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January 25, 2018 10:30 AM, EST

Sen. John Cornyn's New Bill Offers Help for Local Road Projects

Sen. John Cornyn (R-Texas) the U.S. Conference of Mayors winter meeting. Cornyn at the U.S. Conference of Mayors winter meeting. (Eleanor Lamb/Transport Topics)

WASHINGTON — Sen. John Cornyn (R-Texas) touted his recently introduced infrastructure bill as a way for states and municipalities to finance highway projects during a recent meeting of the nation’s mayors.

The Building United States Infrastructure and Leveraging Development Act (nicknamed the Build Act) proposes to amend the Internal Revenue Code so that the national limitation on the amount of tax-exempt highway or surface freight transfer facility bonds is increased to $20.8 billion from $15 billion.

“It would expand on infrastructure financing authority in use by many states and local governments across the U.S.,” Cornyn said at the U.S. Conference of Mayors winter meeting here. “The Build Act would raise the caps on a specific type of funding called private activity bonds, which assist in infrastructure construction.”

The bill, proposed Jan. 18, is co-sponsored by Sen. Mark Warner (D-Va.).

Cornyn praised targeted infrastructure projects as a solution for the “coming-apart problem” that he said characterizes some American cities. He cited a park that was recently constructed over a prominent overpass in Dallas, thereby connecting neighborhoods that previously did not interact.

The Build Act would raise the caps on a specific type of funding called private activity bonds, which assist in infrastructure construction.

Sen. John Cornyn (R-Texas)

Cornyn, who serves on the Senate Finance Committee, said projects such as these are important because cities are increasingly becoming hubs of technology in which signs and vehicles can communicate with each other through connected networks.

“Here at the federal level, we’re beginning our work on infrastructure in the Senate right now,” Cornyn said. “In the near future, I plan to introduce other infrastructure initiatives to complement the Build Act.”

And as the Senate begins to consider infrastructure legislation, the White House is preparing to unveil a long-awaited infrastructure plan. While details of  President Donald Trump's more than $1 trillion, 10-year infrastructure plan are not yet final, the White House has explained that $200 billion would come from federal accounts and the remaining $800 billion will come from private-sector investments.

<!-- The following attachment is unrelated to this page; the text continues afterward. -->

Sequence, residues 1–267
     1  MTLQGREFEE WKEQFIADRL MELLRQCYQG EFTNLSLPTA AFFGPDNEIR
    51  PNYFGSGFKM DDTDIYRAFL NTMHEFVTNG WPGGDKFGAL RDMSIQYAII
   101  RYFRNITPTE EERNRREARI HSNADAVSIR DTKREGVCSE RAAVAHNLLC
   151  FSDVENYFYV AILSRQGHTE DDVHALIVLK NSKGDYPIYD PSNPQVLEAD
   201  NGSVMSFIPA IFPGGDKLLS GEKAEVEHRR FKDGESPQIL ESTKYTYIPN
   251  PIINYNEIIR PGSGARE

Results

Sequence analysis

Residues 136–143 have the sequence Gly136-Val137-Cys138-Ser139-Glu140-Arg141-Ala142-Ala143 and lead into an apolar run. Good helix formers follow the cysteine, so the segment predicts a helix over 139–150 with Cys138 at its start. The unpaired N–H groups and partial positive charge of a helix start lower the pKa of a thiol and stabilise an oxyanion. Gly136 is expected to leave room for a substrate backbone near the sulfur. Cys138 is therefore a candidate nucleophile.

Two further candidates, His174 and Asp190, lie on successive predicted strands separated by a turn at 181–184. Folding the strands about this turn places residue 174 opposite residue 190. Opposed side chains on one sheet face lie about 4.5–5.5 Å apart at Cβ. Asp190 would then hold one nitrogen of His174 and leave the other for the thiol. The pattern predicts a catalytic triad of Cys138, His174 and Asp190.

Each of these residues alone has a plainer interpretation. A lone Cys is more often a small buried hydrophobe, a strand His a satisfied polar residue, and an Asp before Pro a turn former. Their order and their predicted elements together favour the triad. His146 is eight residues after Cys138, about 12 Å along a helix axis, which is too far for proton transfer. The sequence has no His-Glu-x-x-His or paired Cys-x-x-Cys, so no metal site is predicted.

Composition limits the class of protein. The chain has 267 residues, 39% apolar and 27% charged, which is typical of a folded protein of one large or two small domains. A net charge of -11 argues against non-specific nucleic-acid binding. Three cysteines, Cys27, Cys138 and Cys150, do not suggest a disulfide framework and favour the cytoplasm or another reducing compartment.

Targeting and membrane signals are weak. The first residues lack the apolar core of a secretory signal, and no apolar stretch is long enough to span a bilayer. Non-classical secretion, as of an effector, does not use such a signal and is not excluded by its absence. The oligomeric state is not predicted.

Emanuel called Trump's proposed $1 trillion infrastructure plan inadequate. (Eleanor Lamb/Transport Topics)

At a meeting with mayors Jan. 24, Trump said the plan will be released shortly after his State of the Union address Jan. 30, and probably will create an investment slightly larger than the initial $1 trillion projection.

“We’re also working to rebuild our crumbling infrastructure by stimulating a $1 trillion investment, and that will actually, probably, end up being about $1.7 trillion,” Trump said at the meeting. “We’ll probably be putting that in a week or two, right after the State of the Union address.

Certain mayors have expressed skepticism that $200 billion is enough to spur infrastructure projects at the state and municipal level.

Chicago Mayor Rahm Emanuel, who addressed the other mayors, flatly said that the infrastructure plan does not supply enough funds for states hoping to conduct infrastructure projects. Emanuel, who was chief of staff to President Barack Obama, doubted that the upcoming plan will be effective.

“Two hundred billion for a trillion-dollar goal is fairy dust. The emperor wears no clothes when it comes to his plan,” Emanuel said. “Their plan doesn’t actually fund the future of America.”

As the mayors discussed infrastructure Jan. 24, however, the Department of Justice ramped up pressure on so-called sanctuary cities seeking public safety grant money, warning that they could be legally forced to prove they are cooperating with federal immigration authorities. That move prompted immediate backlash, with the mayors — causing some to boycott the meeting with meeting with the president.